A new study published today in JAMA (Journal of the American Medical Association) found “daily multivitamin supplementation modestly but significantly reduced the risk of total cancer” in a large population of healthy male physicians.
The multivitamin and cancer arm of the Physicians’ Health Study (PHS) II, the only large-scale, randomized, double-blind, placebo-controlled trial (RCT) to study the long-term effects of a multivitamin in chronic disease, was conducted by researchers at Brigham and Women’s Hospital and Harvard Medical School and will be presented today by lead corresponding author J. Michael Gaziano, M.D., M.P.H., at the annual American Association for Cancer Research Frontiers in Cancer Prevention Research meeting. PHS II studied nearly 15,000 male U.S. physicians aged 50 years and older for over a decade.
According to the Council for Responsible Nutrition (CRN), the leading trade association for the dietary supplement industry, the well-designed study provides encouraging news, particularly for healthy men looking to remain healthy. “This study reinforces the value of long-term consistent use of a daily multivitamin as a convenient and affordable insurance policy for good health,” said Duffy MacKay, N.D., CRN’s vice president, scientific and regulatory affairs. “Whether or not this study can be generalized to the total population is not answered by this study; however, there are other well-researched benefits for the multivitamin in the general population.”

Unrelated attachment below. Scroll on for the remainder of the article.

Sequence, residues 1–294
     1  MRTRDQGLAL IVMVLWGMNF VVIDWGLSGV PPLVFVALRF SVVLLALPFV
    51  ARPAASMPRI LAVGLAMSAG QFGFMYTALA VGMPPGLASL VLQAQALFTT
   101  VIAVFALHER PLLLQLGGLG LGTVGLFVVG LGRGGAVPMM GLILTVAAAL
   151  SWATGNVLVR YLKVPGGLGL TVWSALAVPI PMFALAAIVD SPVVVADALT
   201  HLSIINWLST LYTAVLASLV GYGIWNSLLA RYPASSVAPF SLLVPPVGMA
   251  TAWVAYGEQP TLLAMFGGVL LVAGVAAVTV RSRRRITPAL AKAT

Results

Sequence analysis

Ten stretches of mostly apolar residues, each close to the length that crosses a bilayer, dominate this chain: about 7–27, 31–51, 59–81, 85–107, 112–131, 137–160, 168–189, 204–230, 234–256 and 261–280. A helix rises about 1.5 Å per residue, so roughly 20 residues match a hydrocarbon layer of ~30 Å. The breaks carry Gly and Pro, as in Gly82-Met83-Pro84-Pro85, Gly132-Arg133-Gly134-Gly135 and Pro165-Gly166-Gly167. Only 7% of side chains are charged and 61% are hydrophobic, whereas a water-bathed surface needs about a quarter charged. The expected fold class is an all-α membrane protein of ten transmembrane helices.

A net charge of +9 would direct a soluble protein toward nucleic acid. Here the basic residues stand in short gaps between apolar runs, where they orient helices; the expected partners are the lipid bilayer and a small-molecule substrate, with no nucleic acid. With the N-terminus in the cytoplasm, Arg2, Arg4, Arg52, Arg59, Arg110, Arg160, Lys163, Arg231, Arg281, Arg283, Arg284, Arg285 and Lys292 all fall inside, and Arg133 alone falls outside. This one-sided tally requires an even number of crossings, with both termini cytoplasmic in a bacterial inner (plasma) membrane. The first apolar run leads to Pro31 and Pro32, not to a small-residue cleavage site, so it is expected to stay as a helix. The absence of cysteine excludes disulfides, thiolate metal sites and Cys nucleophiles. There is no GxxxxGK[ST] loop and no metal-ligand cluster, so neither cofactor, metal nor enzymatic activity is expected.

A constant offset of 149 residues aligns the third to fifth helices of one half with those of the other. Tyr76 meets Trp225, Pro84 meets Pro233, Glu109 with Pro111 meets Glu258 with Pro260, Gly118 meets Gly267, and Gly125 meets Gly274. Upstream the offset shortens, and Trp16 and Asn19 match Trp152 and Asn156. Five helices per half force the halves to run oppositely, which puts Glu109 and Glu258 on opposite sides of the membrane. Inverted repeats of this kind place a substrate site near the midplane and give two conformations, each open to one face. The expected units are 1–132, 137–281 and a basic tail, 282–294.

For example, women of child-bearing age are regularly advised to take a multivitamin with 400 mcg of folic acid to help prevent certain birth defects such as spina bifida. Additionally, many Americans, despite being overfed, are not getting the essential nutrients necessary for good health, and a daily multivitamin helps fill those nutrition gaps.
In fact, in CRN’s most recent annual consumer survey on dietary supplements, when asked why they take dietary supplements, vitamin/mineral users ranked “to help reduce the risk of serious illness” eighth on the list, with “overall health and wellness benefits” and “to fill in nutrient gaps in their diet” cited as the number one and two reasons, respectively.
Not only did this study provide good news for the supplement industry and its consumers, but it provided another reminder that science should be viewed in the context of the full body of scientific literature. For those who have previously tried to shut the door on the benefits of taking a multivitamin, this study, says Dr. MacKay, “pushes the door and the windows wide open to the benefits and safety of multivitamins.”
CRN urges the importance of keeping in mind that cancer is a multifactorial disease, and that even with the positive scientific news demonstrated by this study, consumers would be wise to also engage in other common-sense habits. Preventing chronic disease, such as cancer, likely involves the combination of long-term consistent, smart lifestyle choices, including a healthy diet, vitamins and other supplements, regular exercise, routine visits to your physician, and decreasing stress. Says Dr. McKay, “By all means, take your daily multivitamin, as a supplement to, not a substitute for, other healthy lifestyle choices.”
- The multivitamin is the most popular dietary supplement.
- 52 percent of American adults take multivitamins; 42 percent of American adults take multivitamins regularly.
- 56 percent of American adult women and 48 percent of American adult men take multivitamins.
- 72 percent of physicians personally use dietary supplements and the multivitamin is the most popular dietary supplement taken by this population.